Can you explain consent to a search in Florida?
Answer: So in order for the police, if they knocked on your door, for example, and they wanted to search your house, and you let them, then they would be able to argue, “Well, they consented to the search, and therefore any evidence that we found we should be able to use in criminal prosecution against an individual.” The government would need to show that the consent was what we call KIV—knowing, intelligent, and voluntary, meaning that you knew the nature of the consent that you were giving, that you intelligently waived it, and you had the mental faculties to do so, and that it was voluntary, meaning the police didn’t come and point a Taser at you and say, “Hey we’re going to search this house, is that okay?” Because in that situation, you potentially would have a legal defense. And that the consent of your residence or your car, whatever the case may be, was not voluntary. So the police would need to establish that.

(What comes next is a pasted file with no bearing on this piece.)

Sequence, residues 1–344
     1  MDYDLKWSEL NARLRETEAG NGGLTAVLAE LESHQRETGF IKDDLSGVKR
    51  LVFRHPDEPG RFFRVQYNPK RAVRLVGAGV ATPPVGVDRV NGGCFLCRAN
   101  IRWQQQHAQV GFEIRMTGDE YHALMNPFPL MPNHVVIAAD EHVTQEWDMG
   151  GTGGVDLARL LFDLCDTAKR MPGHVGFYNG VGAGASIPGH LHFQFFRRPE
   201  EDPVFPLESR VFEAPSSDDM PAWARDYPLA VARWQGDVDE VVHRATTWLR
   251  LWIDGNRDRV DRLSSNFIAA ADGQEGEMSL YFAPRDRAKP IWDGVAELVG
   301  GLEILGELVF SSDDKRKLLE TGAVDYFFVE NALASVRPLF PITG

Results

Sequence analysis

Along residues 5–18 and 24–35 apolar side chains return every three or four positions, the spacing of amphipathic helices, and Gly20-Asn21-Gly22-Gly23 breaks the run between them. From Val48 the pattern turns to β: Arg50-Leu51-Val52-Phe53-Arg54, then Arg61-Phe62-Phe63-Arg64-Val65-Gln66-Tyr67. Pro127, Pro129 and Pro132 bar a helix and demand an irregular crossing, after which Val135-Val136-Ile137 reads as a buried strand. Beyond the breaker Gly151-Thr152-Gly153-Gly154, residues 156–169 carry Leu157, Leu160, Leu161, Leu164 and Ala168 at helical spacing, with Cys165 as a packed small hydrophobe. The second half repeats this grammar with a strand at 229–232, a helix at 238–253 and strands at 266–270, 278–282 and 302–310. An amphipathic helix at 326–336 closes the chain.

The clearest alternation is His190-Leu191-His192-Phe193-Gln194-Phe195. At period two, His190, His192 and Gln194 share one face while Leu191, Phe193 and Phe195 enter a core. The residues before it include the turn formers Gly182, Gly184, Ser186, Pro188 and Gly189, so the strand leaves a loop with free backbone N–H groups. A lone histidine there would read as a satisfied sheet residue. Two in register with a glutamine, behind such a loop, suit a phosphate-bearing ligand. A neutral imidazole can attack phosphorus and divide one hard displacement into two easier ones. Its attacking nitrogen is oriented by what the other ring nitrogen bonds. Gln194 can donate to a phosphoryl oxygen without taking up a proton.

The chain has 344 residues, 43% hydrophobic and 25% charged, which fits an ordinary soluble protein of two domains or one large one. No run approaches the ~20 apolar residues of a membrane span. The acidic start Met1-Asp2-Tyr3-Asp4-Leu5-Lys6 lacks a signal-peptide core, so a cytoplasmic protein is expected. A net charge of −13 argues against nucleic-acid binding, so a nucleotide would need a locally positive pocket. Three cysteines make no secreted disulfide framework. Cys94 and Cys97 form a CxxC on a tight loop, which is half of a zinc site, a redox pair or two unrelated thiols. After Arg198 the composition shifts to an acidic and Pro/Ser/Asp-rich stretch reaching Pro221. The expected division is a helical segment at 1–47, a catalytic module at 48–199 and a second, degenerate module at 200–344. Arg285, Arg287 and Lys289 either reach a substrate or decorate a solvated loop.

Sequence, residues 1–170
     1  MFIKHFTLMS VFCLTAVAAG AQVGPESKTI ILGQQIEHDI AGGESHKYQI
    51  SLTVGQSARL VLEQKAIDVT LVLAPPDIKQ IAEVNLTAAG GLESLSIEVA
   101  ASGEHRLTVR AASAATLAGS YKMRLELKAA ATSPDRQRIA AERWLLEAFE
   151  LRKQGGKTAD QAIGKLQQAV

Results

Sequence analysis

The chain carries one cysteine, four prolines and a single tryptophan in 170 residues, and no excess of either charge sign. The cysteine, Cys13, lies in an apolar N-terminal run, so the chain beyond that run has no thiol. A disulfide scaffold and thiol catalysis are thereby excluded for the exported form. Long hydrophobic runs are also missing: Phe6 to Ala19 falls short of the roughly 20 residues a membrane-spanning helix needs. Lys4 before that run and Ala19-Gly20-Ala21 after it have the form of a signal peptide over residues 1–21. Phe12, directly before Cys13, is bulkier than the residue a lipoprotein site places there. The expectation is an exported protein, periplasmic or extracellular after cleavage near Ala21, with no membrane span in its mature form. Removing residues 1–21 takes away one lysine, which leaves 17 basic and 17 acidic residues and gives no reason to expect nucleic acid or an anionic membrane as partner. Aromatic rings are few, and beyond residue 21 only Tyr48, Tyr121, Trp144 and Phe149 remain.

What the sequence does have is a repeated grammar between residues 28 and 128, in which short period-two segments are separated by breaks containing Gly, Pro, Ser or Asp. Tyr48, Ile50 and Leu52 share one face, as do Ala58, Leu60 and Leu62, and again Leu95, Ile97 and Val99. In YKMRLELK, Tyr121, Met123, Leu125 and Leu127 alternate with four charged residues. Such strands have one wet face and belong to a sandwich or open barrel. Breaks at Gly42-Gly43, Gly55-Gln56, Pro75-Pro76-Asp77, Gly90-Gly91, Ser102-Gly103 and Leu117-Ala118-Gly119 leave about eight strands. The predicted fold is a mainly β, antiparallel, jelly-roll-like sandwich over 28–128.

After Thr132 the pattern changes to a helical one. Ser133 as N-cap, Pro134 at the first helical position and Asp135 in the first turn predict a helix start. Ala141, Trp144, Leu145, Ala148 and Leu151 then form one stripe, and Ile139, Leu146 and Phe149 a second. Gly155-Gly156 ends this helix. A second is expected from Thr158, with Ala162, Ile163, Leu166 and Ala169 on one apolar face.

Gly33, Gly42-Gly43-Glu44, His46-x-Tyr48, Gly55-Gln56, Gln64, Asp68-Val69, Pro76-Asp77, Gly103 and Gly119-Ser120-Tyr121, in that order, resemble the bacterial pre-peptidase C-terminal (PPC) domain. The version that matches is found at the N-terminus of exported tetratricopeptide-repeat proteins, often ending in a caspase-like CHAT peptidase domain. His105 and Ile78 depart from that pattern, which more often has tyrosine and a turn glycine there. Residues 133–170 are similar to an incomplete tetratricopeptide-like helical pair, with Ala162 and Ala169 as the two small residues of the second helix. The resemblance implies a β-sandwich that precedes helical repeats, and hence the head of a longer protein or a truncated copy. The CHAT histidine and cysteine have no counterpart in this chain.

In many jurisdictions, they will actually have a form where you will sign and they will read a document saying to you that you agree that this consent is knowing, intelligent, and voluntary, and you’re not being coerced into allowing us to search your car, your house—whatever the case may be.
In addition, some jurisdictions will take it one step further depending on what type of case it is and they may bring you down to the station, and they may have it recorded either on video or audio to ultimately be used against you in criminal prosecution. Very fact specific. But they still need to establish that the consent was knowing, intelligent, and voluntary.